Sulphur dioxide (SO2 ) is a colourless gas with a pungent and suffocating odour. In higher concentrations it is a strong irritant and even poisonous. Due to its bactericidal and fungicidal properties, it is used as a food preservative. It is formed, among other things, by the decomposition reaction of non-volatile sulphuric acid salts (sulphites). The negative effects of SO2 in the atmosphere are manifested not so much in the greenhouse effect as in the formation of so-called acid rain. Acid rain is detrimental to both the plants themselves and the soil. On the farm, sulphur dioxide is mainly produced during the combustion of solid fuels – there is a relatively high amount of sulphur in coal, liquid fuels and any waste.
Methane (CH4 ) is a colourless and odourless gas. It is widely used for heating as it is the main component of gaseous fuels, i.e. natural gas and biogas. Methane is a gas whose greenhouse potential is more than 23 times that of carbon dioxide. Hence, despite its lower concentration, its aggregate environmental impact is significant.
In nature, apart from methane extracted as fuel and methane associated with coal seams, it is formed during the anaerobic decomposition of plant remains. In practice, anaerobic conditions are created when the soil is completely flooded with water, which is why methane formation processes can be observed in swampy areas, where so-called “mud gas” is produced. In agricultural activities, methane gas is also generated by fermentation processes in the digestive system of livestock, ruminants (e.g. cattle, goats and sheep).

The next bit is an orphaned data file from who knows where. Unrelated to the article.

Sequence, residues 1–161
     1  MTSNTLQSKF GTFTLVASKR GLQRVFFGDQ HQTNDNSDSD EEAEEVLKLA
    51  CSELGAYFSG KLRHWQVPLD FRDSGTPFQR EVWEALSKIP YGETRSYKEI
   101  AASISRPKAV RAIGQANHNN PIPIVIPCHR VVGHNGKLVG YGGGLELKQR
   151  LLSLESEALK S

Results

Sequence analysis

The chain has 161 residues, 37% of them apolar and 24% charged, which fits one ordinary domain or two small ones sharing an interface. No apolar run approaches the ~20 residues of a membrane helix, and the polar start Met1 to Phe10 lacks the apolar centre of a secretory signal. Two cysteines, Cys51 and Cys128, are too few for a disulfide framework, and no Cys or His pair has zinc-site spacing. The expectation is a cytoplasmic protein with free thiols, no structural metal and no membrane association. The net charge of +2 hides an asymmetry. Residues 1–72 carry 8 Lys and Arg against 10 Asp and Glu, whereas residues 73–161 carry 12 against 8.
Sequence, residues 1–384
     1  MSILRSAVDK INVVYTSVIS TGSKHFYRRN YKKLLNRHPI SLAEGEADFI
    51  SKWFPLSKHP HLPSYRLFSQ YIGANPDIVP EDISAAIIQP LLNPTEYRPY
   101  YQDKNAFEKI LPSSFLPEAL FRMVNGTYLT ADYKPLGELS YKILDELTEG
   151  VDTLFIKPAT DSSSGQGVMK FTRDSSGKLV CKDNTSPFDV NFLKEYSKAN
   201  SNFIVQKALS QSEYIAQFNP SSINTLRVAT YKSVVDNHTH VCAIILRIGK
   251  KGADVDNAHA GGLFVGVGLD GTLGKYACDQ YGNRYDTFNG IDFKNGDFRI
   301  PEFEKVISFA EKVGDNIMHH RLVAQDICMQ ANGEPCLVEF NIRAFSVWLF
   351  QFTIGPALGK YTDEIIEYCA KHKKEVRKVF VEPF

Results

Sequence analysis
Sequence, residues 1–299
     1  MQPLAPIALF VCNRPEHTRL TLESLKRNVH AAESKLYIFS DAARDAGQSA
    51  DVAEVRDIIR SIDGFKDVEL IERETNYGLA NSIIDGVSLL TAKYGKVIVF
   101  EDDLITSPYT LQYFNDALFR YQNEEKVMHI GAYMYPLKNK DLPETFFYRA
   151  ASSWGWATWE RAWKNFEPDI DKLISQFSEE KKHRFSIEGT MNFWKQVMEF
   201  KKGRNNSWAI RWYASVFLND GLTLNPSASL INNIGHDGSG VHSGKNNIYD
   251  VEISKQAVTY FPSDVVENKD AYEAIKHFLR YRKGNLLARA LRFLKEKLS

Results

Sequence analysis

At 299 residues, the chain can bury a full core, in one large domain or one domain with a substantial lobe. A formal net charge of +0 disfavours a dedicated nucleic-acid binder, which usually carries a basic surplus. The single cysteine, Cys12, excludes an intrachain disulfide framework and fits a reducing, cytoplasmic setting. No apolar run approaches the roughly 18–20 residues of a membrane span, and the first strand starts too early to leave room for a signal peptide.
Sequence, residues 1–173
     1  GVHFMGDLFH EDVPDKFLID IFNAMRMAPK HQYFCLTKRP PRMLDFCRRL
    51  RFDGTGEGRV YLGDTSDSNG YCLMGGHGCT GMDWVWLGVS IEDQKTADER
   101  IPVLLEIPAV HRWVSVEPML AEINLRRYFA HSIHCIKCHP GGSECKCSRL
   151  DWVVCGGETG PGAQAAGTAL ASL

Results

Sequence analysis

Nitrous oxide (N2 O) is a colourless gas with a faint sweetish odour. The effects of nitrous oxide in the atmosphere are doubly detrimental. Its greenhouse potential is 298 times greater than that of carbon dioxide, and on top of that the gas damages the ozone layer that protects life on Earth from cosmic radiation. The main source of nitrous oxide is processes in soils, especially those fertilised with nitrogenous fertilisers. In the so-called nitrification and denitrification processes, soil bacteria produce N2 O, which is released into the atmosphere. The second major source of emissions is the combustion of fossil fuels and biomass.
Nitrogen oxides (NOx ) – is the common name for the entire group of nitrogen and oxygen compounds. Their harmful effect on the environment consists mainly in combining with water and, as a consequence, in the formation of so-called acid rain, as in the case of sulphur dioxide. The main sources of nitrogen oxides are the combustion of fossils and biomass. Nitrogen oxides also result from the oxidation in the atmosphere of ammonia, which is mainly formed during human agricultural activities. It is worth considering how the quantities of gases produced on the farm can be determined. Possible direct measurement of emissions only makes sense if the emission source is a point source. Such point sources of emissions are e.g. cookers, livestock buildings or storage places for e.g. compost, manure, slurry, dung etc., but even then measurement may be difficult. For example, the measurement of emitted gases from piggeries, barns, stables or other buildings can be carried out relatively easily as long as all the air leaving the building is concentrated in the designed ventilation outlets. It is much more difficult to measure if the rooms are ventilated, e.g. by opening windows. Measurement from diffuse sources – e.g. from a field – is very difficult, so the emissions of individual gases can be determined on the basis of continuously developed calculators available e.g. on the Internet or based on publications in professional publications. When using such sources, however, it is worth bearing in mind that they are based on certain assumptions and estimates, which allow an order of magnitude to be determined, but not the exact emissions from a specific farm.